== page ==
In the last post:
Take the example in the forum post that discusses grabbing the Customers from the Northwind Database and prefetching their Orders and OrderDetails at the same time:
which you could code like the following:
using (NorthwindDataContext context = new NorthwindDataContext())
DataLoadOptions options = new DataLoadOptions();
options.LoadWith<Customer>(c => c.Orders);
options.LoadWith<Order>(o => o.Order_Details);
IEnumerable<Customer> customers = context.Customers.ToList<Customer>();
Opening up SQL Server Profiler shows a rather ugly set of queries ( 40+ queries in total ) that breakdown as:
1 Query to First Retrieve all the Customers in Northwind
40+ Queries - 1 Query for each Customer to get its Orders and OrderDetails.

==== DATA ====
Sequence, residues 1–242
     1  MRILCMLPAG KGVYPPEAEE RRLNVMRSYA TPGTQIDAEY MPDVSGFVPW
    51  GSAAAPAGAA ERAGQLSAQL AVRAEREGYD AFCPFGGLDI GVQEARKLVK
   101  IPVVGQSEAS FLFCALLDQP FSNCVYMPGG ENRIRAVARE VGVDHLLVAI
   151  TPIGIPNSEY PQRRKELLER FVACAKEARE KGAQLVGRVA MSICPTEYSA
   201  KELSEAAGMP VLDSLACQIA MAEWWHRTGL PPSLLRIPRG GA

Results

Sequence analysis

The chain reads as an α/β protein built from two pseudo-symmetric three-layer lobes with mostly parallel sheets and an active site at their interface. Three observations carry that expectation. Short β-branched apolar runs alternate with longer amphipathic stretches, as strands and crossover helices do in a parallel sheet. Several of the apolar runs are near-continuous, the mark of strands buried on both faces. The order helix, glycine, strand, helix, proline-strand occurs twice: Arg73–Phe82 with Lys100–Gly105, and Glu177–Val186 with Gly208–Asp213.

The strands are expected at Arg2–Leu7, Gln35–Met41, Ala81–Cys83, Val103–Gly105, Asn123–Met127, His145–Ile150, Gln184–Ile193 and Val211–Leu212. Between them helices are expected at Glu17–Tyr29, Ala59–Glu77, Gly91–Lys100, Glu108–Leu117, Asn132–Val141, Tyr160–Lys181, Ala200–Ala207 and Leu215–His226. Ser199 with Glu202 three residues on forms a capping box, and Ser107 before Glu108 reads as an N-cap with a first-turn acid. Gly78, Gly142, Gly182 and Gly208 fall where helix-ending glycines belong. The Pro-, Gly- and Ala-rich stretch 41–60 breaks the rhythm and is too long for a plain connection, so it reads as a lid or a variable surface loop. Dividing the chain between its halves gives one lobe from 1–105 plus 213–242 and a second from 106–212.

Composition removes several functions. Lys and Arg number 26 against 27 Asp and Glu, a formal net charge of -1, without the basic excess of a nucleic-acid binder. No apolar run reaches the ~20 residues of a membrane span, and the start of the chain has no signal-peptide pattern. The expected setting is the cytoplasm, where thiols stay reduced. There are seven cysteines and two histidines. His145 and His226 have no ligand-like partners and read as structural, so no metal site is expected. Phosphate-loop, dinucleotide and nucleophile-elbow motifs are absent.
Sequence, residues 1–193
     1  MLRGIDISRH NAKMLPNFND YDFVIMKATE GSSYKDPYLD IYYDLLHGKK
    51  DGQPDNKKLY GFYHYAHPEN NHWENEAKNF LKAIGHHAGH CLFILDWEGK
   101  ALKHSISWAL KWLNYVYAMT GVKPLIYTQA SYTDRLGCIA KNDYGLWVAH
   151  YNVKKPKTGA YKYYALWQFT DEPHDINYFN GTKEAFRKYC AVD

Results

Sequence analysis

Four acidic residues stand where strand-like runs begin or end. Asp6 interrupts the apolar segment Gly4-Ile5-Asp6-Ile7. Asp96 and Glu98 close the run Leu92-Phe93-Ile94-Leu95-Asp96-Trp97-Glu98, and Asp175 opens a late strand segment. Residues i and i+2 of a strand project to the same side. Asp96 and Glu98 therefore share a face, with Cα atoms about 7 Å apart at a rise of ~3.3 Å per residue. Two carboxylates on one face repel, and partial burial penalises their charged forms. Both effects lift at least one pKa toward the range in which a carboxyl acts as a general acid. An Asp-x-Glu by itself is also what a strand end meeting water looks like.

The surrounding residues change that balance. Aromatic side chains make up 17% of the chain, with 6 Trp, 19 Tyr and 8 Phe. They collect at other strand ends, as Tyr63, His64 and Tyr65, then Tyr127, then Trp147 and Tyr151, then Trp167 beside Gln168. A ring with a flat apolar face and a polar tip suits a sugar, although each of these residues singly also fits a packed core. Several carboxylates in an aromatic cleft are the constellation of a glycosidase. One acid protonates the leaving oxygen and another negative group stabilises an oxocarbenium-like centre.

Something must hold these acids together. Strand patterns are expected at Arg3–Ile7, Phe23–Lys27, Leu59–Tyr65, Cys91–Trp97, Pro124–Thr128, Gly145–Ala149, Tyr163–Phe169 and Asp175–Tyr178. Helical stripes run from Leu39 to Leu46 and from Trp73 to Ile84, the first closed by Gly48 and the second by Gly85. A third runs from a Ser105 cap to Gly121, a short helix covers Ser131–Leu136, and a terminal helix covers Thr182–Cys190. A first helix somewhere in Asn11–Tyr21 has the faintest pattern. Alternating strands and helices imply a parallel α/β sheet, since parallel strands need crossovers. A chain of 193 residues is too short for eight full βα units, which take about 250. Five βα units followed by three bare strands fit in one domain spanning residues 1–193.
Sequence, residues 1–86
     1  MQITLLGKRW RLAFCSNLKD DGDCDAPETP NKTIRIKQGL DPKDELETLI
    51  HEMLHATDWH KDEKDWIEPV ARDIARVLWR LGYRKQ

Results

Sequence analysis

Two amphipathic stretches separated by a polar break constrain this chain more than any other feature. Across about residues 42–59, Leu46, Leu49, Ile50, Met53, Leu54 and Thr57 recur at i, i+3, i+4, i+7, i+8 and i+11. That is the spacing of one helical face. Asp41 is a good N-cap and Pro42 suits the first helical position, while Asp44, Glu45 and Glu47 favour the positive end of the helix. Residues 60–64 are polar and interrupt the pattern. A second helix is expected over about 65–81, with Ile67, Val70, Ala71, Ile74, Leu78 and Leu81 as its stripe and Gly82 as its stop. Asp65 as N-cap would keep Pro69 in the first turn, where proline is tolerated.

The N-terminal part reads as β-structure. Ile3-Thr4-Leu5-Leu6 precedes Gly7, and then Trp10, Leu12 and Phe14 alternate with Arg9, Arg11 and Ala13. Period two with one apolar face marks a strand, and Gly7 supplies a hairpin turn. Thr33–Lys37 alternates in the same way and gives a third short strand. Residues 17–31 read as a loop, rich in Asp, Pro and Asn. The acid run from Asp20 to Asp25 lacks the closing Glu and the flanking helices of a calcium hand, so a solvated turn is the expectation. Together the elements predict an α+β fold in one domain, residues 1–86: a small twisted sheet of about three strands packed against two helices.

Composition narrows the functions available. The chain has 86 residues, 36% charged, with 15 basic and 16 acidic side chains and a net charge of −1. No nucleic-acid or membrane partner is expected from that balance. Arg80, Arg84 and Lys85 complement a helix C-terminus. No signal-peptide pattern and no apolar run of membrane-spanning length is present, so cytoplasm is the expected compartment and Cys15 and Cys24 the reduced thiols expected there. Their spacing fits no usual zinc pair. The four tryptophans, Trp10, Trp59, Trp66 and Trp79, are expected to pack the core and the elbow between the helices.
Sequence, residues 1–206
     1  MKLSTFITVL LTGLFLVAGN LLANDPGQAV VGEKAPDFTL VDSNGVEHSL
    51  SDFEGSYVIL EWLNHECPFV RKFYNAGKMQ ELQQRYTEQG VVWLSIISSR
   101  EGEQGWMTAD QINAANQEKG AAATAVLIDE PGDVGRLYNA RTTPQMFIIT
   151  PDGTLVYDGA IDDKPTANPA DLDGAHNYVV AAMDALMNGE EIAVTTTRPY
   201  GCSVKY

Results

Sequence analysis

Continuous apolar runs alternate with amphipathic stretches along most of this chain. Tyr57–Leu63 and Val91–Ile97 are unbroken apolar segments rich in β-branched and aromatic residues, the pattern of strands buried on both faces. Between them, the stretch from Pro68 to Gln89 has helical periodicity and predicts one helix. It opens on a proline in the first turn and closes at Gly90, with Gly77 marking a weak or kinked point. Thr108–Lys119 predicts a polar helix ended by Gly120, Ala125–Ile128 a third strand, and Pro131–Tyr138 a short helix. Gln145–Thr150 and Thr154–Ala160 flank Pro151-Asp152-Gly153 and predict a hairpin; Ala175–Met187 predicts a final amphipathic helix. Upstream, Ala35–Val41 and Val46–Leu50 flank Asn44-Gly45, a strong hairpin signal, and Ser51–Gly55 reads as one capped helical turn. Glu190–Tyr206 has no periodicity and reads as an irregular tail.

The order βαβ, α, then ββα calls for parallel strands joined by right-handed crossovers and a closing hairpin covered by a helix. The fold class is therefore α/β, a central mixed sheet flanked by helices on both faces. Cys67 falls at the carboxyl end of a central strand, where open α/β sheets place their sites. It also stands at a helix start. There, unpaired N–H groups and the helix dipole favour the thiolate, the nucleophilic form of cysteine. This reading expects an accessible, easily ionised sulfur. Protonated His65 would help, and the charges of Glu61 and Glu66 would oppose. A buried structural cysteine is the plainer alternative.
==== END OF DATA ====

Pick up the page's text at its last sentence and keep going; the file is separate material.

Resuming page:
Again, you have that startling number of database roundtrips in LINQ To SQL that typically you want to avoid if possible to improve performance.
Since Frans mentioned it , I wrote similar code to do the same thing using LLBLGen Pro and Self-Servicing Entities:
CustomerCollection customers = new CustomerCollection();
IPrefetchPath prefetchPath = new PrefetchPath((int)EntityType.CustomerEntity);
which resulted in only 3 queries ( roundtrips ) that first grabbed all the Customers, then all the Orders, and then all the OrderDetails. This is more inline with what I was expecting from LINQ To SQL.
I couldn’t find a way to tweak LINQ To SQL to reduce the number of queries, but maybe Scott Guthrie can come up with a more practical solution in his next installment of LINQ To SQL. This is just something to keep in mind when using the current version of LINQ To SQL. Always review the database communication with SQL Server Profiler to determine what is actually being generated.
by David Hayden